The Irish Examiner previously published an excellent report on the increase in dementia in Ireland (‘Dementia tsunami looms’, Catherine Shanahan, June 25, 2015).
In this article, Dr Ronan Collins was quoted as saying: “I have seen the exponential growth of dementia in our clinical workload over the last 15 years, a true tsunami with the burden it imposes on increasing numbers of people and their families, and its cost both in terms of the lost social contribution of the person and through the economic cost of care needed.”
Shanahan also reported that the economic cost of dementia illness in the Republic of Ireland was estimated to be €1.7 billion in 2010.
Like Ireland, the USA has also seen an unprecedented increase in dementia in recent decades. Between 1999 and 2014, deaths rates from Alzheimer’s disease in the USA rose by more than 50 per cent.
The current cost of healthcare for dementia in the USA is US$236bn (€191.2bn). It is important to be aware that the USA and Ireland are two of the most fluoridated countries in the world, with in excess of 70 per cent of their populations provided with artificially fluoridated drinking water.
It is also important to note that in 2003, research published in the Journal of Neurology, Neurosurgery and Psychiatry found that lower brain acetylcholinesterase (AChE) activity was associated with cognitive impairment in adults, and that individuals with low AChE activity may have early Alzheimer’s disease changes in the brain.
Most people remain unaware that in 2006, the National Research Council of the National Academies in the USA reported that fluoride inhibits the activities of AChE, and warned of the possibilities that exposure to fluoride may act to increase the risk of developing Alzheimer’s disease.
In 2014, the National Academy of Sciences in India reported that exposure to fluoride in drinking water resulted in significant impairment of AChE with the maximum inhibition occurring in the brain.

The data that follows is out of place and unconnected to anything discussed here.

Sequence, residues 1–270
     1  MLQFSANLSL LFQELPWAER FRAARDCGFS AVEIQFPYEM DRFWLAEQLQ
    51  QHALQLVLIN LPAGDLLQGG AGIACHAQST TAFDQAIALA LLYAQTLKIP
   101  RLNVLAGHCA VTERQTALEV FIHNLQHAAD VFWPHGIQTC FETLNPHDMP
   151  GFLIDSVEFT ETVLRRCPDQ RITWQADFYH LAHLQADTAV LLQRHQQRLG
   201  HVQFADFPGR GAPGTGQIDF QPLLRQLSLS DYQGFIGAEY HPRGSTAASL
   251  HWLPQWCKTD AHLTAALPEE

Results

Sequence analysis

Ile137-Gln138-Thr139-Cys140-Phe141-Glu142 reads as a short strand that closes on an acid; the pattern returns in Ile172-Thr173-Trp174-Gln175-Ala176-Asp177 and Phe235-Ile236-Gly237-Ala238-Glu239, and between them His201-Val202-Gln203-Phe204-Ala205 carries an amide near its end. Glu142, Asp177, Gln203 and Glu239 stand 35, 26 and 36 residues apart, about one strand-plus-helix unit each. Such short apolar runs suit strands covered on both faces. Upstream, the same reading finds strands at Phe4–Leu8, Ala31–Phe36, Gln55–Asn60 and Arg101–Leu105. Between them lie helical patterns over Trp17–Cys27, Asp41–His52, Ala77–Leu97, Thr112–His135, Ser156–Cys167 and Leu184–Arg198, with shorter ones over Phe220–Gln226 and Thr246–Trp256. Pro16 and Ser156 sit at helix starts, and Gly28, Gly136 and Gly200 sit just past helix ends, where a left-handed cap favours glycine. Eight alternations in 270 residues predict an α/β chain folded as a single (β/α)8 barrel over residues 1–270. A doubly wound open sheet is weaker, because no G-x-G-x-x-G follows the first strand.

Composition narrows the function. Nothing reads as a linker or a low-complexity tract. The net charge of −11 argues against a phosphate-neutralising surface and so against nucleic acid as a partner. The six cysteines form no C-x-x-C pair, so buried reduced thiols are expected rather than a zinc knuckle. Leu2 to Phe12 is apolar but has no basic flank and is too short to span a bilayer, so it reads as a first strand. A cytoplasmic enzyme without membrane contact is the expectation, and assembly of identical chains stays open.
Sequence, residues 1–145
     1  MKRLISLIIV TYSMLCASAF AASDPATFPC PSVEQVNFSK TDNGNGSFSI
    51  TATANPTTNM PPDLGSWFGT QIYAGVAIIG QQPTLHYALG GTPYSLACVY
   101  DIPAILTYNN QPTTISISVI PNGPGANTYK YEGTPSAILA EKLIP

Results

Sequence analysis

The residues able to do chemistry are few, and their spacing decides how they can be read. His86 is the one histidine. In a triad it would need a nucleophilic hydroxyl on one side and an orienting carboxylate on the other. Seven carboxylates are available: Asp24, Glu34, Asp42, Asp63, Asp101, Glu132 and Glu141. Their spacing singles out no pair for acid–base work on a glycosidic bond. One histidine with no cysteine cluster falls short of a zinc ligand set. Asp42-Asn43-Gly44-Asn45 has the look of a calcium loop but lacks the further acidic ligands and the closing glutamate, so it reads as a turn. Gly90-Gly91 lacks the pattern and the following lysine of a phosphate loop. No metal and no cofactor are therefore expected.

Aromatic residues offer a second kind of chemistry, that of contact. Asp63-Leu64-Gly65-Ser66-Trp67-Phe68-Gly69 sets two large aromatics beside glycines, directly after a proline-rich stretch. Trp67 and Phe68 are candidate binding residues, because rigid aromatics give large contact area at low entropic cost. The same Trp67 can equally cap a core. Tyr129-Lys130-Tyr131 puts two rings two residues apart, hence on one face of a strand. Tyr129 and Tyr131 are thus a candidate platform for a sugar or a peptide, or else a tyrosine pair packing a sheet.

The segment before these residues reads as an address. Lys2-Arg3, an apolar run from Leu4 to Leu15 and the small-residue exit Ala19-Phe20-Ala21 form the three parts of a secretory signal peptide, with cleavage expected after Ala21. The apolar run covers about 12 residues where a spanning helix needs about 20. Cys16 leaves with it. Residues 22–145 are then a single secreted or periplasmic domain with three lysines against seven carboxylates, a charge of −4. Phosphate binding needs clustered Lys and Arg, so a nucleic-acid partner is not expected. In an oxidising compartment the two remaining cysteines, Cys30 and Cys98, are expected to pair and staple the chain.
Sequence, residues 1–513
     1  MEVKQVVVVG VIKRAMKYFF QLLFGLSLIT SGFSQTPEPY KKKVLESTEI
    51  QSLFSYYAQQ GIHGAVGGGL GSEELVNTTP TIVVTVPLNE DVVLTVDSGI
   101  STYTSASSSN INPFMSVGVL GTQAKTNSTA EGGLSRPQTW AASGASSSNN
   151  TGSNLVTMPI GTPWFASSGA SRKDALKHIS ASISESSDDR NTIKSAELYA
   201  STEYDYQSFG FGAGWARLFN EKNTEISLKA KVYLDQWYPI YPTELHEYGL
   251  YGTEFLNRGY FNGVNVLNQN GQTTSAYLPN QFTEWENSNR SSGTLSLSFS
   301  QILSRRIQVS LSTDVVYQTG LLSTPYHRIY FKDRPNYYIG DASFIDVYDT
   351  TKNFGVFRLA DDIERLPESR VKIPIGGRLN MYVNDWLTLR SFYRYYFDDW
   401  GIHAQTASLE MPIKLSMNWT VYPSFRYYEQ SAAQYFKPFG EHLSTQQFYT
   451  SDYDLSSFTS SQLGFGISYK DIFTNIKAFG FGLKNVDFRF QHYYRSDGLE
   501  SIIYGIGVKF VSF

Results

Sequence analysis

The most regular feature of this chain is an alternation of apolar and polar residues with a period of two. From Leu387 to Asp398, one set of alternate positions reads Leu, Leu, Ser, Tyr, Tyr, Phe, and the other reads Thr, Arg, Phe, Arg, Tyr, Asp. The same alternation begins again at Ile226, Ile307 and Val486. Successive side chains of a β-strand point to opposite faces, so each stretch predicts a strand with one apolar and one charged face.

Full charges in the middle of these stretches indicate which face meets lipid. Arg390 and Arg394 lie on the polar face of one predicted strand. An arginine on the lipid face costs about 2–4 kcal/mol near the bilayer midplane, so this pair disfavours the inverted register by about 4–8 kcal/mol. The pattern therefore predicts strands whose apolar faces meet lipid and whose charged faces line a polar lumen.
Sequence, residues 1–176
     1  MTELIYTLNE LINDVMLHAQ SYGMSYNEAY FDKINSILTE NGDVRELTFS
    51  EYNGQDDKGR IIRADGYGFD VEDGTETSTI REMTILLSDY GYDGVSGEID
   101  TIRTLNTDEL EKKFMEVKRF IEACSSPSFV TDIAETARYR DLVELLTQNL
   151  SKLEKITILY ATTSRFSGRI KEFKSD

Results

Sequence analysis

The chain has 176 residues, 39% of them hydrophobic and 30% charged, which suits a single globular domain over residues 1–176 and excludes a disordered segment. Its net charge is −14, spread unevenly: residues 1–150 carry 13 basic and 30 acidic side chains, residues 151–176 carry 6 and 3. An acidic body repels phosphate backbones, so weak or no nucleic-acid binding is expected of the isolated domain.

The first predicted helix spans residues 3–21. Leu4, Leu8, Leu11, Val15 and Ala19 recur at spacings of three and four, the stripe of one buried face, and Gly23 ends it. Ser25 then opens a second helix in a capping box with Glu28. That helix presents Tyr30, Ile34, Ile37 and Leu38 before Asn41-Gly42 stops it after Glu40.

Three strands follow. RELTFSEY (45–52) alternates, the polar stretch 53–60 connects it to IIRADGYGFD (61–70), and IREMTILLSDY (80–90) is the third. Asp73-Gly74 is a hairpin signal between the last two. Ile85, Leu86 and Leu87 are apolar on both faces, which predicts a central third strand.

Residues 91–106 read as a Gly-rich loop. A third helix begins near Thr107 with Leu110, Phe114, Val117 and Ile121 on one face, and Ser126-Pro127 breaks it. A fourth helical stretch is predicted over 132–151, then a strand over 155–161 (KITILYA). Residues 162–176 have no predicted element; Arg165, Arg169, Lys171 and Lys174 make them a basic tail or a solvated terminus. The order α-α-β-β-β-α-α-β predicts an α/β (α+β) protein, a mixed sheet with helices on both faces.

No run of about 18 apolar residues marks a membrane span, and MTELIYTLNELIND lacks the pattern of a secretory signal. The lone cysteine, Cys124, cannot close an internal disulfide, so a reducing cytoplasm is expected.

Importantly, the fluoride levels in drinking water in this study were comparable to that found in artificially fluoridated water in the USA and Ireland. In addition, the study found that co-exposure to fluoride and the Chlorpyrifos, a previously widely used pesticide that was permitted to be used in the agricultural sector in Ireland until March 2016, resulted in synergistic toxicity or enhanced impairment of AChE activity.
More recently, in 2015 the journal Pathophysiology published the findings of another study, which found that drinking water containing recommended levels of fluoride in drinking water resulted in brain neurotoxicity, by causing severe neuronal histomorphological changes and impairing AChE activity in the brain. As with Chlorpyrifos, co-exposure to fluoride and aluminium was found to result in synergistic toxicity.
Based on these findings, one would consider that to reduce the burden of Alzheimer’s disease, it is imperative that public health authorities and the Irish Government stop adding fluoride to our drinking water supplies.
Scientist, Researcher and Risk Management Consultant
Bandon, Co Cork
References available on request